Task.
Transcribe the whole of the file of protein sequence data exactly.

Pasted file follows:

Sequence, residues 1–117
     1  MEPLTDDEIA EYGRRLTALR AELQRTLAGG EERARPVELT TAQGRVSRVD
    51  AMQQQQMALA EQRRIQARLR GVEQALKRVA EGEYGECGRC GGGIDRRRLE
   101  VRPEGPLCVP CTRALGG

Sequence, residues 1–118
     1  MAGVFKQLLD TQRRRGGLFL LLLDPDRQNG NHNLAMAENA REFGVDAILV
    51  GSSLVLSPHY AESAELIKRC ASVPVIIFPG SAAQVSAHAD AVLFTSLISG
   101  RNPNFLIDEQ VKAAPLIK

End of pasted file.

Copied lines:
Sequence, residues 1–117
     1  MEPLTDDEIA EYGRRLTALR AELQRTLAGG EERARPVELT TAQGRVSRVD
    51  AMQQQQMALA EQRRIQARLR GVEQALKRVA EGEYGECGRC GGGIDRRRLE
   101  VRPEGPLCVP CTRALGG

Sequence, residues 1–118
     1  MAGVFKQLLD TQRRRGGLFL LLLDPDRQNG NHNLAMAENA REFGVDAILV
    51  GSSLVLSPHY AESAELIKRC ASVPVIIFPG SAAQVSAHAD AVLFTSLISG
   101  RNPNFLIDEQ VKAAPLIK